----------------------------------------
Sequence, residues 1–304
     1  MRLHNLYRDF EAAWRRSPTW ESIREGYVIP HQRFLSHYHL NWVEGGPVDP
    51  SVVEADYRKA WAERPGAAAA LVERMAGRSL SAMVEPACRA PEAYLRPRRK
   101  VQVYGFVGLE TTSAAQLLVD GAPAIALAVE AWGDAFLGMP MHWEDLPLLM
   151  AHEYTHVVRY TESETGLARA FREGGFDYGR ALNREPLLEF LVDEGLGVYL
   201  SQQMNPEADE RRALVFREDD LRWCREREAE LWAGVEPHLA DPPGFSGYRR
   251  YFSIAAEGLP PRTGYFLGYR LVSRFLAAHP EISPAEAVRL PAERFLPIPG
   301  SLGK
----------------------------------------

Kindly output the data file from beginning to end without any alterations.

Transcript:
Sequence, residues 1–304
     1  MRLHNLYRDF EAAWRRSPTW ESIREGYVIP HQRFLSHYHL NWVEGGPVDP
    51  SVVEADYRKA WAERPGAAAA LVERMAGRSL SAMVEPACRA PEAYLRPRRK
   101  VQVYGFVGLE TTSAAQLLVD GAPAIALAVE AWGDAFLGMP MHWEDLPLLM
   151  AHEYTHVVRY TESETGLARA FREGGFDYGR ALNREPLLEF LVDEGLGVYL
   201  SQQMNPEADE RRALVFREDD LRWCREREAE LWAGVEPHLA DPPGFSGYRR
   251  YFSIAAEGLP PRTGYFLGYR LVSRFLAAHP EISPAEAVRL PAERFLPIPG
   301  SLGK